Learning to Use Regular Expressions by Example

ote that you must always specify the first number of a range (i.e,"{0,2}", not "{,2}"). Also, as you might have noticed, the symbols '*', '+', and '?' have the same effect as using the bounds "{0,}", "{1,}", and "{0,1}", respectively.

Now, to quantify a sequence of characters, put them inside parentheses:

  • "a(bc)*": matches a string that has an a
    followed by zero or more copies of the sequence "bc";

  • "a(bc){1,5}": one through five copies of "bc."

lso the '|' symbol, which works as an OR operator:

  • "hi|hello": matches a string that has either
    "hi" or "hello" in it;

  • "(b|cd)ef": a string that has either "bef" or

  • "(a|b)*c": a string that has a sequence of alternating a's
    and b's ending in a c;

) stands for any single character:

  • "a.[0-9]": matches a string that has an a
    followed by one character and a digit;

  • "^.{3}$": a string with exactly 3 characters.

t expressions specify which characters are allowed in a single
position of a string:

  • "[ab]": matches a string that has either an a or
    a b (that's the same as "a|b");

  • "[a-d]": a string that has lowercase letters 'a'
    through 'd' (that's equal to "a|b|c|d" and even "[abcd]");

  • "^[a-zA-Z]": a string that starts with a letter;
  • "[0-9]%": a string that has a single digit before a
    percent sign;

  • ",[a-zA-Z0-9]$": a string that ends in a comma followed
    by an alphanumeric character.

haracters you DON'T want -- just use a '^' as the
first symbol in a bracket expression (i.e., "%[^a-zA-Z]%"
matches a string with a character that is not a letter between two percent

In order to be taken literally, you must escape the characters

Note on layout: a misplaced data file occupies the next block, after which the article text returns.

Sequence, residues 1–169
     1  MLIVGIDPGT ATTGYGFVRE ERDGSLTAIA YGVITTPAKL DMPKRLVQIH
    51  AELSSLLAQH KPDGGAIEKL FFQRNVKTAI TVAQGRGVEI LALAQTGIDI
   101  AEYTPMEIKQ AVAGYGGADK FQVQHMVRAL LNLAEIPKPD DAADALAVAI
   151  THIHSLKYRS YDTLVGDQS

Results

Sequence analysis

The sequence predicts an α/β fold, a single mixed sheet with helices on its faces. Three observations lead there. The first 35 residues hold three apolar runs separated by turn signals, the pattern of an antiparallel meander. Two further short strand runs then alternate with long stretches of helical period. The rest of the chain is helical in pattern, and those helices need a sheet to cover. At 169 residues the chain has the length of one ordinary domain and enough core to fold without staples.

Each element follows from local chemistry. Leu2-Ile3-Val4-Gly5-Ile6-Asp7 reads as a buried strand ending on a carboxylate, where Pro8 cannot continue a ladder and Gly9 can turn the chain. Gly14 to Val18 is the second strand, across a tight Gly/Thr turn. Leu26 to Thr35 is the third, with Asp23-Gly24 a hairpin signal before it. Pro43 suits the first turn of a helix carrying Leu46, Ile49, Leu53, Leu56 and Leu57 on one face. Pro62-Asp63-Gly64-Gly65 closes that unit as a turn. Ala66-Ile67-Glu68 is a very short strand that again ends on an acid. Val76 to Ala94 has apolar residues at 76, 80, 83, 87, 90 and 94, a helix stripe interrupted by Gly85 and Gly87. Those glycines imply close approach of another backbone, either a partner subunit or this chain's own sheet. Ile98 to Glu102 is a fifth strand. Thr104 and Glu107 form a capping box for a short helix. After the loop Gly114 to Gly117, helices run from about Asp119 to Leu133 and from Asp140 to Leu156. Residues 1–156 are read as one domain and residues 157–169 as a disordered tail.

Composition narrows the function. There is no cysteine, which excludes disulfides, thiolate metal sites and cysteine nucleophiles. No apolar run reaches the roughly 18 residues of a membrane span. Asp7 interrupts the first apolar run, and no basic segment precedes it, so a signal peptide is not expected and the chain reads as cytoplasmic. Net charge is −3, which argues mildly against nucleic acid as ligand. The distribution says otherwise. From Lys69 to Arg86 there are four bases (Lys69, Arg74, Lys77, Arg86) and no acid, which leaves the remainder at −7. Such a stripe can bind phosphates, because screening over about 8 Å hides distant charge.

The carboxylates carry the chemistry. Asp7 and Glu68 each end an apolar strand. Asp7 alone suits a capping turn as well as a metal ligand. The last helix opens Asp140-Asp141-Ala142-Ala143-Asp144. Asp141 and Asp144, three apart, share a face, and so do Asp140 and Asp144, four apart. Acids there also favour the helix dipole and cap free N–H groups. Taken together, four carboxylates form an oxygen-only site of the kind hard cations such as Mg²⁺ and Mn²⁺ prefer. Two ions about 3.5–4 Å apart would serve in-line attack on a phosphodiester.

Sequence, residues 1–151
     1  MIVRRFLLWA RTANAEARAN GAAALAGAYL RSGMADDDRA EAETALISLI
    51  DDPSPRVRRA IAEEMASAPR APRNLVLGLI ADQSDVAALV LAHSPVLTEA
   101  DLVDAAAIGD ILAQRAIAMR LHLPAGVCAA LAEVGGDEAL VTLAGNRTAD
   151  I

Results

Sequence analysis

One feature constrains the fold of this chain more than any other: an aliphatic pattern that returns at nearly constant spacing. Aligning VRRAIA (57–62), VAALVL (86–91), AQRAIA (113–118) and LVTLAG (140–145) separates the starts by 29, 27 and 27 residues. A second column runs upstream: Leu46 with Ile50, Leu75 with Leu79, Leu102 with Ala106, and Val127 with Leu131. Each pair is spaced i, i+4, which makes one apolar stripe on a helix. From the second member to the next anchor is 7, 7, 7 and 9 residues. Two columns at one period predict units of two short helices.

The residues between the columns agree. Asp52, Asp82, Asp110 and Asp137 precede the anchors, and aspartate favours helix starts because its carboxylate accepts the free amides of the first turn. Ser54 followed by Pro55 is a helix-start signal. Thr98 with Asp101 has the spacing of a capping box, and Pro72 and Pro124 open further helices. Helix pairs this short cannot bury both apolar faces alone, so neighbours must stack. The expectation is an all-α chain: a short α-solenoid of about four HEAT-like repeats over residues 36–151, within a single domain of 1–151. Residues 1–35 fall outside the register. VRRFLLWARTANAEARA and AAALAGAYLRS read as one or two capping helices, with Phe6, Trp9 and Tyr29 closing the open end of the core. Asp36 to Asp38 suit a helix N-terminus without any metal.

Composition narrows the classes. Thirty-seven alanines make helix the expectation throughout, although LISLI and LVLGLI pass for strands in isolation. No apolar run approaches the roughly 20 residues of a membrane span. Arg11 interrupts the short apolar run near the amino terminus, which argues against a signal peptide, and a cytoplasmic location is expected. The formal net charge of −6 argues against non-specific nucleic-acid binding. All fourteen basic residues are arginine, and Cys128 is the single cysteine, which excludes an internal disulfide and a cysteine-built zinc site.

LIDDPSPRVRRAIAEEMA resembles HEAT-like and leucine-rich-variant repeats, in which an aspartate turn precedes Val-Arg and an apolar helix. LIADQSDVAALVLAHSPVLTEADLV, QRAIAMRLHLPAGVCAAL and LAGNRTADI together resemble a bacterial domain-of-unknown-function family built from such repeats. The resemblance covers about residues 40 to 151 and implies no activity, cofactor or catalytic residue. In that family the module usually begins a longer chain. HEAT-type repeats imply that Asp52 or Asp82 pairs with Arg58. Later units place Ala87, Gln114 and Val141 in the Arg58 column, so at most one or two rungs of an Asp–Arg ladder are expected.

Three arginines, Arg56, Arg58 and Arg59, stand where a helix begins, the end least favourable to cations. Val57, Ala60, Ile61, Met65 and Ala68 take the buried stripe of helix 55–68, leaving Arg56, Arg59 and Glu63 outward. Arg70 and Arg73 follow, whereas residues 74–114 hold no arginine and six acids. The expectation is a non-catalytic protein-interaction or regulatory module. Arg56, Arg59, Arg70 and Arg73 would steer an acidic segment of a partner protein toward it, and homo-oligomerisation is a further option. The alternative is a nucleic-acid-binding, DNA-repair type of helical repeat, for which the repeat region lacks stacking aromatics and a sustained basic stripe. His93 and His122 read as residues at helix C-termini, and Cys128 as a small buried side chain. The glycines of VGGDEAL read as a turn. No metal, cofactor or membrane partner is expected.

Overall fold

"^.[$()|*+?{" with a backslash (''), as they have special meaning.
On top of that, you must escape the backslash character itself in PHP3 strings,
so, for instance, the regular expression "($|Â¥)[0-9]+"
would have the function call: ereg("($|Â¥)[0-9]+", $str)
(what string does that validate?)

Just don't forget that bracket expressions are an exception to that
rule--inside them, all special characters, including the backslash (''), lose
their special powers (i.e., "[*+?{}.]" matches exactly any
of the characters inside the brackets). And, as the regex man pages tell us:
"To include a literal ']' in the list, make it the first character
(following a possible '^'). To include a literal '-', make it the first or last
character, or the second endpoint of a range."

For completeness, I should mention that there are also collating
, character classes, and equivalence classes. I
won't be getting into details on those, as they won't be necessary for what
we'll need further down this article. You should refer to the regex man pages
for more information.

lidating Money Strings

Ok, we can now use what we've learned to work on something useful: a regular
expression to check user input of an amount of money. A quantity of money can be
written in four ways we can consider acceptable: "10000.00" and
"10,000.00", and, without the cents, "10000" and
"10,000". Let's begin with:


That validates any number that doesn't start with a 0. But that also means
the string "0" doesn't pass the test. Here's a solution:


"Just a zero OR some number that doesn't start with a zero." We may
also allow a minus sign to be placed before the number:


That means: "a zero OR a possible minus sign and a number that doesn't
start with a zero." Ok, let's not be so strict and let the user start the
number with a zero. Let's also drop the minus sign, as we won't be needing it
for the money string. What we could do is specify an optional decimal fraction
part in the number:


It's implicit in the highlited construct that a period always comes with at
least one digit, as a whole set. So, for instance, "10." is not
validated, whereas "10" and "10.2" are.


We specified that there must be exactly two decimal places. If you think
that's too harsh, you can do the following:


That allows the user to write just one number after the period. Now, as for
the commas separating the thousands, we can put in:


"A set of 1 to 3 digits followed by zero or more sets of a comma and
three digits." Easy enough, isn't it? But let's make the commas optional:


That's it. Don't forget that the '+' can be substituted by a '*' if you want
empty strings to be accepted also (why?). And don't forget to escape the
backslash for the function call (common mistake here). Now, once the string is
validated, we strip off any commas with str_replace(",",
"", $money)
and typecast it to double so we can
make math with it.